I chuckle to myself whenever I receive notice of a California winery celebrating its fifth or 10th anniversary with a big party. Just as the term “old vine” should have some minimum standard to meet before it can be used on a wine label (I’m thinking 50 years, though I wouldn’t fight over 35), wineries should also be of a certain age before they make a big deal of birthdays. After all, the traditional anniversary gift for a couple married 10 years is tin. Tin! The stuff of which wine capsules are made. Hold out for 25 years, when the gift is silver and is truly worth something.
However, when I receive an invitation from a winery to an event marking its 125th anniversary, that’s something to get excited about. There isn’t even an anniversary gift assigned to 125 years, it’s that very long a time.
The birthday was Freemark Abbey’s, the celebration on July 15, to mark not only the Napa Valley producer’s 125 years of winemaking, but also its resiliency and just-like-family bonding of its people during times difficult and delightful. Under a big white tent pitched on Freemark Abbey’s magnolia-perfumed grounds in St. Helena, owners, winemakers and grape growers, past and present, enjoyed dinner, drank wines from the cellar and reminisced, sometimes tearfully, about their Freemark Abbey experiences. With very little self-promotion during the celebration, and a respectful presence by representatives of Jackson Family Wines, Freemark Abbey’s owner, the “party” was actually a warm and heartfelt family meal served with a side of history. And what a side dish.
The small-plates version of Freemark Abbey’s history is that in 1886, Josephine Tychson became likely the first female vintner in California. She and her husband, farmer John C. Tychson, came to Napa Valley, purchased 147 acres of land, and began to establish a vineyard. He contracted tuberculosis and later committed suicide, leaving Josephine alone with the vineyard and two children.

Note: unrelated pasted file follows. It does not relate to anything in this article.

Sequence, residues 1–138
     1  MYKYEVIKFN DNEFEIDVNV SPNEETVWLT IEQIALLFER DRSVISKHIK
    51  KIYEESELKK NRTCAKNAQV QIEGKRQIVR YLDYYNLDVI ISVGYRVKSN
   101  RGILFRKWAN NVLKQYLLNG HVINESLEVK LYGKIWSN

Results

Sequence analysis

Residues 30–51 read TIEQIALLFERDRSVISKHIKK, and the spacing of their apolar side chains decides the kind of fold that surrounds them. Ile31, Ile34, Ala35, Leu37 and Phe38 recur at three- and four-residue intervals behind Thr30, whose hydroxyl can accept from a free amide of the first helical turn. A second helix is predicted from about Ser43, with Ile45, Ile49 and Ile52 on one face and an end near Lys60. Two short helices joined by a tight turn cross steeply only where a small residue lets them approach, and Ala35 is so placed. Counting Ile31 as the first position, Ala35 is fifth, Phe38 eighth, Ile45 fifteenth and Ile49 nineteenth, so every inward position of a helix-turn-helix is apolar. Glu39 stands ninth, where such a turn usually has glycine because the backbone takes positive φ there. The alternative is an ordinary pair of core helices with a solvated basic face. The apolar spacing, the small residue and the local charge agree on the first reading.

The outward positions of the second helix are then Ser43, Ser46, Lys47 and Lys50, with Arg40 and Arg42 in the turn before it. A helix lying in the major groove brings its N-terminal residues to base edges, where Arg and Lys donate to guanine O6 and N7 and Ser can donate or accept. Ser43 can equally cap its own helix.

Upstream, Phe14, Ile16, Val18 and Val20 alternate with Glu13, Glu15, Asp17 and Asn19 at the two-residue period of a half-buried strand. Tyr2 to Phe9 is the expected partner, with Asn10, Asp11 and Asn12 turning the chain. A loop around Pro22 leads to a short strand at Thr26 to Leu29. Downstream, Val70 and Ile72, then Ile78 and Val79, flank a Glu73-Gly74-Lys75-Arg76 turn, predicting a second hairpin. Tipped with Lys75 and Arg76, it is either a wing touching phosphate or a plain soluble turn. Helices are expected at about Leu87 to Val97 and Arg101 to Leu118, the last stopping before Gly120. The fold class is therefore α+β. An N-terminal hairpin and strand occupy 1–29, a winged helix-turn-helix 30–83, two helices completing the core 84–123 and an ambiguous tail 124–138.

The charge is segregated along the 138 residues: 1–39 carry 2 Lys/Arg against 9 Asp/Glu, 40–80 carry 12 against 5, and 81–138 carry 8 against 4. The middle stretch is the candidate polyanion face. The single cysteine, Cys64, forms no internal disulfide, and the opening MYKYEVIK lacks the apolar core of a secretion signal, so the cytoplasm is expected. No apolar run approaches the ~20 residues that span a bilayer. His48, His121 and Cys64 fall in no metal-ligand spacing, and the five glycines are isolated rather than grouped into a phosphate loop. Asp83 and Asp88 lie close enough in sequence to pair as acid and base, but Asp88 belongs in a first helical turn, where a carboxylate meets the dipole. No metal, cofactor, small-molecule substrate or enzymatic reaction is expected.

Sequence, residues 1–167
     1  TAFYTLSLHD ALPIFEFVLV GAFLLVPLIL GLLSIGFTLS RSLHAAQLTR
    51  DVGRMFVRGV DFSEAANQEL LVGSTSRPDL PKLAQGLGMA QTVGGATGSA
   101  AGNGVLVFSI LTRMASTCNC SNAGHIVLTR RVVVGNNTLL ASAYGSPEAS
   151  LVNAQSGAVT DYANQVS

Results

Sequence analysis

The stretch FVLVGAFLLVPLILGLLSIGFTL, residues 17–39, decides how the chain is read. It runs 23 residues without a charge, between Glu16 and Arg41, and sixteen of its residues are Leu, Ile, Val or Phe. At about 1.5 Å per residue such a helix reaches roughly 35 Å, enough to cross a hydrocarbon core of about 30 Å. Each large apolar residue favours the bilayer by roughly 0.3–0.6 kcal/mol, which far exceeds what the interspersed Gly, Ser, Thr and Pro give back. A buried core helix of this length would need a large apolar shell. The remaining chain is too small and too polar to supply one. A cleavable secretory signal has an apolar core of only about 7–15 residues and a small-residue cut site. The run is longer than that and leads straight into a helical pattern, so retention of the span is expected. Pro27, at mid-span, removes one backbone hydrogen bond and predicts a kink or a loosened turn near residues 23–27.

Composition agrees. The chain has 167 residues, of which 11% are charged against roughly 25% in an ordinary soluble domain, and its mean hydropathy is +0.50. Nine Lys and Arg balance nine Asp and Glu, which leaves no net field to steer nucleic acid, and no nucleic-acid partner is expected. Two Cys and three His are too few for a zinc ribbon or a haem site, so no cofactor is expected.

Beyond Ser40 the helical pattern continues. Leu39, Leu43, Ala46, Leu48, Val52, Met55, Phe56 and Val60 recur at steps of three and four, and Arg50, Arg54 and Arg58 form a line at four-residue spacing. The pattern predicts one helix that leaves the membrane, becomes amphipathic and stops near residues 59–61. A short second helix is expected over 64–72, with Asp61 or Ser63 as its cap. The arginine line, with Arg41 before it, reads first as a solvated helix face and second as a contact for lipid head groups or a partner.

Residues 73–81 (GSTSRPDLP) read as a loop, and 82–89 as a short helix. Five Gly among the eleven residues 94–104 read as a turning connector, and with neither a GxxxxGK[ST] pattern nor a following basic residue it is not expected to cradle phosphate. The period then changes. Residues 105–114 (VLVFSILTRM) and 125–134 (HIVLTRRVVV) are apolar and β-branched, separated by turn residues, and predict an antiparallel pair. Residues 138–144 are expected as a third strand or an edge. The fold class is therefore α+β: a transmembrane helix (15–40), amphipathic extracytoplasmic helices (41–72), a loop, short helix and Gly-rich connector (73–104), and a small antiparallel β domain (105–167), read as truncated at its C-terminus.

Still, she forged ahead in designing and planting the 10-acre vineyard, and building a wine cellar. For eight years, Josephine farmed the land, but by 1893, phylloxera had ravaged it, and she sold the property to her foreman, Nils Larsen, in 1894. At that time Tychson Cellars had grown to 55 acres and produced Zinfandel, Riesling and “Burgundy.”
After four years, Larsen sold it to Antonio Forni, who renamed it Lombarda Cellars after his Italian birthplace. He focused on Italian-style wines and built the now iconic stone winery. Prohibition stalled his effort, yet in 1939, three Southern California businessmen -- Albert "Abbey" Ahern, Charles Freeman and Markquand Foster -- purchased Lombarda and renamed it Freemark Abbey, a combination of their names.
The winery went through several hands before being purchased by a group of seven Napa grape growers in1967: Chuck Carpy, Laurie Wood, Brad Webb, Bill Jaeger, John Bryan, Jim Warren and Richard Heggie. Soon Freemark Abbey was producing exceptional Cabernet Sauvignons and Chardonnays, and was in the lineup for Steven Spurrier’s 1976 “Judgment of Paris” blind tasting of California wines against French. California “won” both the Chardonnay (Chateau Montelena) and Cabernet (Stag’s Leap Wine Cellars) categories, shocking the French and the world; Freemark Abbey’s wines were in the same quality class.